|Nov-28-05|| ||wintep: Is Black really better before ..Bc2? What would be a good move instead of Bc2?|
|Nov-29-05|| ||psmith: <wintep> simply 39...Qxg3+ 40. Kxg3 f5 is good for Black.|
|Nov-29-05|| ||Radu: <Is 17 ply, or let's say 20, to add a few like Levy suggests, too deep for Fritz, especially considering the sequence is forced?>|
Fritz was running on a laptop. At about 1000kN/sec you can't expect it to see more than 16 - 18ply ahead and this is with substantial thinking time. 20ply is way too much for such hardware.
|Nov-29-05|| ||wintep: <psmith> Yes. Queen exchange, and then f5 followed by 41. h4 with the aim of getting the white King to f4. On exchanging on c4 white has the (big) advantage of its King being close to the action.|
|Nov-29-05|| ||psmith: <wintep> Is your thought that after 39...Qxg3+ 40. Kxg3 f5 41. h4 is good for White? Fritz (5.32) gives 41... f4+ with big advantage to Black (if 42. exf4 Bc4+ and Bxb3).|
|Nov-30-05|| ||wintep: <psmith> I see. That is clear. My thought was that the pretty strategic position, (1) placement of the Kings, (2) potential bad bishop against strong knight, ... , might be calculated as drawish, or at least something the computer did not like, which 'forced' to make a tactical error, as there are not so many moves left in that case. (I would like to believe some animal instincts can be assigned to the machine)|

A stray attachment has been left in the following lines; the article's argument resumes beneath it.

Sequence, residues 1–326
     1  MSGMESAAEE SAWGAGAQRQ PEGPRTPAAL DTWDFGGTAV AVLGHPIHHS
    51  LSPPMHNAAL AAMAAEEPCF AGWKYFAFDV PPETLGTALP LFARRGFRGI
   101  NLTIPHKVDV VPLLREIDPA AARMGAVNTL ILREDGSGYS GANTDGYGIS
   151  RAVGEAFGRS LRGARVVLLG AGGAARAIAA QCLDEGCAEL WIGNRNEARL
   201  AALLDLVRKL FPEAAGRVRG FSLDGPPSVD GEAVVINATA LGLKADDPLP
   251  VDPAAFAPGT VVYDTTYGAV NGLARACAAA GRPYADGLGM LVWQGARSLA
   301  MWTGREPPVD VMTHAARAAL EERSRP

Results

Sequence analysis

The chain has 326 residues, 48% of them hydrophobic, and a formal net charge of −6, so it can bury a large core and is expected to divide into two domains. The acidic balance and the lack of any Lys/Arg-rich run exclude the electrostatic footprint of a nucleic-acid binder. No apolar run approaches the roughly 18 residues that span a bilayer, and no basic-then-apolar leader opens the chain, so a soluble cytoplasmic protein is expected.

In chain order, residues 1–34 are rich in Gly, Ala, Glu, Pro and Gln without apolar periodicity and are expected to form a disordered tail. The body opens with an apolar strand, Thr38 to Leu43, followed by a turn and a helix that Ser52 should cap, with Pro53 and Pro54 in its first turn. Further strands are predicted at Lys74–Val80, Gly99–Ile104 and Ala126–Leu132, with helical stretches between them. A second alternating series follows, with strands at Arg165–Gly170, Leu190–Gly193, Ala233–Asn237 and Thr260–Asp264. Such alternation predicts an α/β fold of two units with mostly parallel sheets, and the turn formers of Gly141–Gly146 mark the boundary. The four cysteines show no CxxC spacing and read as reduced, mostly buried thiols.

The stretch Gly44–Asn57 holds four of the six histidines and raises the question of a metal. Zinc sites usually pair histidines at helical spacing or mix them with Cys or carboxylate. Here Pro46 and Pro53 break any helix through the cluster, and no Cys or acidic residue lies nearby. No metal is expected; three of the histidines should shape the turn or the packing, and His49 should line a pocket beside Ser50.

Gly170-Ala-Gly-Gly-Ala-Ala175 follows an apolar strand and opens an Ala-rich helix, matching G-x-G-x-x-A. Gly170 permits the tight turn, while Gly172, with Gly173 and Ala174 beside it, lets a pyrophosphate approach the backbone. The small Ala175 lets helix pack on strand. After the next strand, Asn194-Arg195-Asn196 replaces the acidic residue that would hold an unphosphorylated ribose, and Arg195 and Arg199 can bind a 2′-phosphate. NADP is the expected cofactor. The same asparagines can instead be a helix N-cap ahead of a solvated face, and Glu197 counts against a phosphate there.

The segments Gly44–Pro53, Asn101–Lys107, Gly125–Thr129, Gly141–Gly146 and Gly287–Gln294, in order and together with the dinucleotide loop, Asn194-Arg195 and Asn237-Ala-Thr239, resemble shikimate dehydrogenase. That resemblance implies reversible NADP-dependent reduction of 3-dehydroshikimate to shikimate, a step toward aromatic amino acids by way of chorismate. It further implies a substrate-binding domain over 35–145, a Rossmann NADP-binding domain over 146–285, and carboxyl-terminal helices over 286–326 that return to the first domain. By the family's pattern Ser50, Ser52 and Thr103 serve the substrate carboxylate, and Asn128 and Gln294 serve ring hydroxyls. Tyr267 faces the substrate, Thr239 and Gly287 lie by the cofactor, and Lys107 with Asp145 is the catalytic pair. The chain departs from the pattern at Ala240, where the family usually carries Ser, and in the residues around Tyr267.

|Feb-13-06|| ||al wazir: What is the point of 34. Nh5 ? Why not 34. Nxd5 instead? White's pawns at c3 and h3 are dead, but white can get them back after 34...Nbxd5 (34...Qxh3 35. Nxf6+) 35. Bxd5 Nxd5 (35...Qxh3 36. Bc6) 36. Qxd5 Rxc3 (36...Qxh3 37. Qxg5+ Kf8 38. Nb3 Rxc3 39. Rxc3 Rxc3 40. Rc1) 37. Rxc3 Rxc3 38. Qxg5+ Kf8 39. Qd8+, etc. (If black plays Kh8 after white plays Qxg5+, white can force the ♕ trade with Qh5.)|
|Feb-13-06|| ||ReikiMaster: <al wazir> Why not 34.Nxd5 instead? I think 34...Nbxd5 35.Bxd5 Qxh3 36.Bc6 Qxg4+ or 36...Nxg4 both look good for black.|
|Feb-13-06|| ||babakova: "Puttin' on the Fritz" real clever... Now I cant get that old Taco song out of my head...|
|Feb-13-06|| ||EmperorAtahualpa: Nice to see a computer failing! To Ponomariov's credit, the mistake Bc2 was well exploited.|
To which song is the pun exactly referring to?
|Feb-13-06|| ||babakova: <EmperorAtahualpa>
Taco--Puttin' on the Ritz
An old 80´s song.
|Feb-13-06|| ||EmperorAtahualpa: Thanks, <babakova>. Guess I was too young to know this. :)|
Nice pun this is then!
|Feb-13-06|| ||karlth: Actually it was Hollywood's biggest star at the time, Clark Gable, who sang "Puttin' on the Ritz" first in 1939.|
|Feb-13-06|| ||babakova: <karlth> I stand corrected.|
|Feb-13-06|| ||TerminalK: I'm not a 100% behind stone walling . I wonder what a game between Tal and our generation of computers would have been like? Do you think they would ahve been able to predict his unpredicatableness?|
|Feb-13-06|| ||Knight13: Too much for Frtiz, isn't it?|
|Feb-13-06|| ||Bobak Zahmat: I wonder how it is possible that such a great software as Fritz makes mistakes like this.|